Monday, April 11, 2005

Shooting Beijing

I have been making quite a few photos in the last seven weeks I am in China. Some of them are already on my site, but I found three photos that I really like and would like to share with you and which haven't been put on this site yet. Enjoy!

The photo below was taken in March when Chuang and I visited a teahouse. Because the sales lady and Chuang were discussing tea in Chinese I got bored and found it a good opportunity to take some pictures. (Click on each photo to see it full size).


The next photo was taken just in front of Beihai park, Beijing. It was a warm and misty day (smog and dust), early April. I had been following the old man for some time and tried to make a fine photo of him, which wasn't easy because there were so many people present. So I took multiple photos. Not a single one was suitable except for this one. Back home I discovered that this was indeed a good photo because of the young girl that I by accident also had stored in my digital camera. I especially like the contrast between old and young. Both beautiful faces.


The last photo also has been taken in Beihai park. I already noticed the grandfather and his grandchild but did as if I was taking a picture of the yellow jasmine flowering below. For this photo I took my time, carefully followed by grandfather and grandchild.


Saturday, April 02, 2005

Modern China

Ahead of all development China has known since 1978, when China for the first time since the establishment of the People's Republic, are the (coastal) cities. Shanghai and Shenzhen are the most well known examples. They now (almost) can compete with cities such as Hong Kong, Singapore and Tokyo. In Beijing the development has lacked behind aforementioned cities, but with the Olympic Games in 2008 in sight, it seems that development now is speeding up.

Other than the contruction of prestigious shopping centers, hotels and business centers, one development already has been taken place, and that is, the establishment of Western style clubs, bars and discos. At Wu Dao Kou, the place where I live, is such a 'going out' centre. Till late at night, Chinese boys and girls dance in the latest fashion in expensive clubs. I've visited a few of them and was, at first, really surprised to find these kind of clubs in Beijing. At the same time I realized I have been living like the ordinary Chinese all my previous visits. As a random visitor it is difficult to find the clubs, but living in a community of foreign students, it's very easy.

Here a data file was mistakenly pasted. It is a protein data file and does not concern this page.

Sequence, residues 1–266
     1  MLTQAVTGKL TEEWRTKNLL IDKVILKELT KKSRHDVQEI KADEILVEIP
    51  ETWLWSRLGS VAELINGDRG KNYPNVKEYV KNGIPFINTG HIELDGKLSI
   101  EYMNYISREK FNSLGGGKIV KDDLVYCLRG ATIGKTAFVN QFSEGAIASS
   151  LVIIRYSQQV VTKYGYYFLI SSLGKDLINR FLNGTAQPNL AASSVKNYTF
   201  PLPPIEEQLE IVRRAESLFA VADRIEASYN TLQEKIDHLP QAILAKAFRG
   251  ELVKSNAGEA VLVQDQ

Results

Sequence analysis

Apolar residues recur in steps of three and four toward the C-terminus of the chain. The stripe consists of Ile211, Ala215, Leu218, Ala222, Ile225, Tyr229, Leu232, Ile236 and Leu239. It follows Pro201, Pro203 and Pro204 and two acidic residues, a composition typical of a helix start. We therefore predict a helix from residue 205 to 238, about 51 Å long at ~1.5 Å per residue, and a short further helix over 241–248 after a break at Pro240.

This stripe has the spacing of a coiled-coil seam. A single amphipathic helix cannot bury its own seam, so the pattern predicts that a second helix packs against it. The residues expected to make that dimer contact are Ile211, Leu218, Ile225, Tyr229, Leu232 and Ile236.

Beihai Park nearby Tian'anmen 

My picture of Beijing has changed because of this. Or maybe the word 'diversified' is better. Beijing consists of ancient China (e.g. Forbidden City), displaying the signs of communism (e.g. the Worker's Stadium). Currently, besides these symbols of China's (recent) past, classy bars, discos and clubs have emerged. It is amazing that there are people here living in the famous 'hutongs', Beijing's villages with their narrow streets, small houses, where many cook outside on coal heated stoves, and at the same time the Chinese (and many foreigners) shop in the modern airconditioned shopping malls, to have dinner at KFC and eventually to end up in Club Propaganda.

Yesterday, my new friends (see photo above) and I went to one of the most fashionable clubs to dance. In those clubs it's easy to forget that only about 200 million Chinese can afford this way of living and that another billion still work six, seven days a week for a 20 euro salary.